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Why are English batsmen taught to sweep and not use their feet, questions Ian Chappell

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Chappell questioned England's approach versus spin


Why are English batsmen taught to sweep and not use their feet, questions Ian Chappell

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SportsCafe Desk


Former Australian skipper Ian Chappell questioned England’s approach against spin bowling and claimed that, rather than sweeping, the batsmen need to be focused on footwork to create more run-scoring opportunities. Chappell further noted that only Ollie Pope from England had the right mindset.

After posting a mammoth 578 runs in the first innings of the first Test, the English batsmen seemed to forget how to bat as they followed up the gigantic total with five scores under 200. Led by skipper Joe Root, the English batsmen implemented the ‘sweep’ as their go-to shot, but while it yielded results in the first Test, their plan fell flat in each of the next two Tests, where a combination of turning tracks and the left-arm spin of Axar Patel made the sweep a suicidal shot. It was the sweep shot which, in fact, yielded England success in Sri Lanka, but with one Test left in the series, the visitors would have to devise a Plan B to topple India and level the series.

Ahead of the series, many saw the sweep as a clever option versus the slower bowlers, but now, former Australian batsman Ian Chappell has questioned both the effectiveness of the shot and England’s obsession with it. Chappell, in an ESPN Cricinfo column, described the sweep as a high-risk option and questioned why young English batsmen are not taught to use their feet.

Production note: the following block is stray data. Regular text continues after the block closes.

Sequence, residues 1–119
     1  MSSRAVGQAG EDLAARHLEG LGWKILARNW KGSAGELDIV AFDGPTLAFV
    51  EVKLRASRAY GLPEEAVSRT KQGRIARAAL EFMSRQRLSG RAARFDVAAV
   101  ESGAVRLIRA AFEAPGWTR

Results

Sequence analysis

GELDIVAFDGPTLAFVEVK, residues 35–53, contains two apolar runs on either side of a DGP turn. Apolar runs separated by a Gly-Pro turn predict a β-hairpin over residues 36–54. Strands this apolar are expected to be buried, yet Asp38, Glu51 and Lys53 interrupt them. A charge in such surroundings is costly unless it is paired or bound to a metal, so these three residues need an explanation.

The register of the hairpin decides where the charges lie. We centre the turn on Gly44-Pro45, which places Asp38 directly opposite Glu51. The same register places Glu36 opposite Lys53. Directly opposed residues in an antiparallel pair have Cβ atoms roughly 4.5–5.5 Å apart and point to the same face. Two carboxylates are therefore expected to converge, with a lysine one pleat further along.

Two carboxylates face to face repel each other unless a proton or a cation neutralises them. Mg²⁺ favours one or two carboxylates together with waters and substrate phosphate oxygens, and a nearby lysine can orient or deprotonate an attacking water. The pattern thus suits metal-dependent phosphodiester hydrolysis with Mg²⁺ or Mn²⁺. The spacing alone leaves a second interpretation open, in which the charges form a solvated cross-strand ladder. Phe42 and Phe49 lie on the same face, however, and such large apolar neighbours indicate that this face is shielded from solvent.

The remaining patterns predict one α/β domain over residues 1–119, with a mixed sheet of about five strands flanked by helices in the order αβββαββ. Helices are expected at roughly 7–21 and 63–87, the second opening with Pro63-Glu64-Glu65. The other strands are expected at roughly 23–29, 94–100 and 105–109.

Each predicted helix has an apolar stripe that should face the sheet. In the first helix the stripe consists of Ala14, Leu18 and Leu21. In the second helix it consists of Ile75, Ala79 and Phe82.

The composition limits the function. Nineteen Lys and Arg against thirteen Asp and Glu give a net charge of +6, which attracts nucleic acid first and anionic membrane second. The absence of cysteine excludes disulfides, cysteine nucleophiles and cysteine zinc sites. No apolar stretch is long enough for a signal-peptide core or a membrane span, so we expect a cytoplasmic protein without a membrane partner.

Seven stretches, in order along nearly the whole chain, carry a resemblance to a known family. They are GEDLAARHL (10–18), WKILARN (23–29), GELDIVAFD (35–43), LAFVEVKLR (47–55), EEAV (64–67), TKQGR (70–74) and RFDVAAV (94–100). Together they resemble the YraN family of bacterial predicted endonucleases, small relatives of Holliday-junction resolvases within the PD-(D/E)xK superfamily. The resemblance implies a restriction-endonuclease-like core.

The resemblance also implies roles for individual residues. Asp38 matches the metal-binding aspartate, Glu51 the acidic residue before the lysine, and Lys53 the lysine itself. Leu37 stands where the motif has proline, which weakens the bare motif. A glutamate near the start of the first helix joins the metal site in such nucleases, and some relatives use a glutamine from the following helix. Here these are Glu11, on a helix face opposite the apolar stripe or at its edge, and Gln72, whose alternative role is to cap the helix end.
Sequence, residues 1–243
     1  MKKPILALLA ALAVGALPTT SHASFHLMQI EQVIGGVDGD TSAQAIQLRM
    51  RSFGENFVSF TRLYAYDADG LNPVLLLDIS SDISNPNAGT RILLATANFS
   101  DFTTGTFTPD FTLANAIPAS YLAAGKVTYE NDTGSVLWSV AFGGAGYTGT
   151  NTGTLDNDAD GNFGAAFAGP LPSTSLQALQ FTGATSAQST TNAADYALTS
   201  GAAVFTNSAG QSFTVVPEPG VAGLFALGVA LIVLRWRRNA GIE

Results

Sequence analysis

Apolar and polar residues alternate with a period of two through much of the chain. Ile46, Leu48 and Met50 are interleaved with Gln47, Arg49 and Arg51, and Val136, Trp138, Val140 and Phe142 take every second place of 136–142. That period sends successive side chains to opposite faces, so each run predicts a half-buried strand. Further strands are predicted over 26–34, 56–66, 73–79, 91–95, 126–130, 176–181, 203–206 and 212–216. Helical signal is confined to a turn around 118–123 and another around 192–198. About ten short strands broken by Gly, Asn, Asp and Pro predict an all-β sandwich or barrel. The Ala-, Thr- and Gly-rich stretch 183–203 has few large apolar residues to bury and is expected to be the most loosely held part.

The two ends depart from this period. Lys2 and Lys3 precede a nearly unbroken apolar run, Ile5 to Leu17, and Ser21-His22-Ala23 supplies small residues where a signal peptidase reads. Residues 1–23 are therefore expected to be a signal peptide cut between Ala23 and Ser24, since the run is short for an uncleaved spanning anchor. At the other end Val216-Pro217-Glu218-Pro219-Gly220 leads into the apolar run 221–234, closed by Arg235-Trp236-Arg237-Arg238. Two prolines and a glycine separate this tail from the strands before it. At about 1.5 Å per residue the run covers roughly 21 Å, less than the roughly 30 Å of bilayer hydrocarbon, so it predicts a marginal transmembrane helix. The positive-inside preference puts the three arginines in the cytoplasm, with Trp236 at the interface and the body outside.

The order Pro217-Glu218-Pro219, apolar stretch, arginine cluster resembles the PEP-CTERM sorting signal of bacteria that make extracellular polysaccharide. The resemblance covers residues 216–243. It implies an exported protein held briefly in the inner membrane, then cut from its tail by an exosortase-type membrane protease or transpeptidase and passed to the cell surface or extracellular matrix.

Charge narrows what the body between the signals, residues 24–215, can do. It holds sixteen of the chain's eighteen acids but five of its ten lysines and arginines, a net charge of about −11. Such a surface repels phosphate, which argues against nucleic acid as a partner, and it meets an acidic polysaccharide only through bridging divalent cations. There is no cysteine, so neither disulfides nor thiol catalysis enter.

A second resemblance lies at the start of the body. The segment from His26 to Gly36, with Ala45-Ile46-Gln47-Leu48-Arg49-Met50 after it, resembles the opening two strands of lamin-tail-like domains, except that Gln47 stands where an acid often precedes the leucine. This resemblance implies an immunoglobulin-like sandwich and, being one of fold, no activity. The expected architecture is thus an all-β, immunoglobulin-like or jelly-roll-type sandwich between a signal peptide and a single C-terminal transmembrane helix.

“When faced with a serious spin challenge, the England batsmen didn't trust their defence, which eventually resulted in panicked attempts to attack the Indian spinners. Their choice to reverse-sweep rather than to leave their crease to change the bowler's length is a classic example. How can a risky premeditated shot be less dangerous than what was previously a trusted technique to unsettle good spinners?,” Chappell wrote in his column for ESPN Cricinfo, questioning the sweep ploy.

“One of the first principles of batting - especially on a pitch assisting spinners - is to keep the odds slightly in your favour.”

The 77-year-old also then recalled how VVS Laxman, in his historic knock of 281 at the Eden in 2001, negated the threat of Shane Warne by effectively using his feet and unsettling the spinner. Chappell recalled a conversation he had with Warne, who told the former how Laxman outpowered him through some ‘excellent footwork’.

“Following the memorable 2000-01 series in India where VVS Laxman made a magnificent 281 on a testing surface, I asked Shane Warne how he thought he had performed. ‘I didn't think I bowled badly,’ he replied. ‘You didn't,’ was my response. ‘When a batsman alters your length drastically by coming out three paces and then is quickly onto the back foot when you toss the next delivery a little higher and shorter, that's not bad bowling, that's excellent footwork.’

“Shrewd use of footwork not only helps negate the spin but also puts a batsman in a position to direct the ball where he wants, rather than where the bowler would prefer it to be hit. To be fair, this is a skill to be learned at a young age. Which prompts the question: why is it not widely taught in England, where sweeping is misguidedly touted as the secret to playing spin bowling successfully?” Chappel questioned.

The former Aussie skipper further noted that only young Ollie Pope, in Ahmedabad, had the right idea, but observed that even he failed when it came to executing his plans effectively.

“Back in Ahmedabad, Ollie Pope decided to use his feet against the Indian spinners. He had the right idea but the wrong execution. Firstly, he jumped rather than glided out of the crease. Secondly, his front foot pressed forward but the back one lingered, as if searching for the safety of the crease.

“Pope was conscious of the keeper as he tentatively ventured out of his crease, which meant he was worried he would miss the delivery. That results in footwork that hinders rather than helps.”

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